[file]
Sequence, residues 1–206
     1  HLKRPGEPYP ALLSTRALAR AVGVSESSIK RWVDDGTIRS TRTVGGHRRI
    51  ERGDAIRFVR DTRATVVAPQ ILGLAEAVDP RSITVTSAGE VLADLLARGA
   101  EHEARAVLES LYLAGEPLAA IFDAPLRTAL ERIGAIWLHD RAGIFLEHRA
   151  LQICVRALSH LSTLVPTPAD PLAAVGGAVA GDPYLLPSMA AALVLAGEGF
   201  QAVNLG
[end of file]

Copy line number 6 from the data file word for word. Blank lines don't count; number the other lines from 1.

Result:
   201  QAVNLG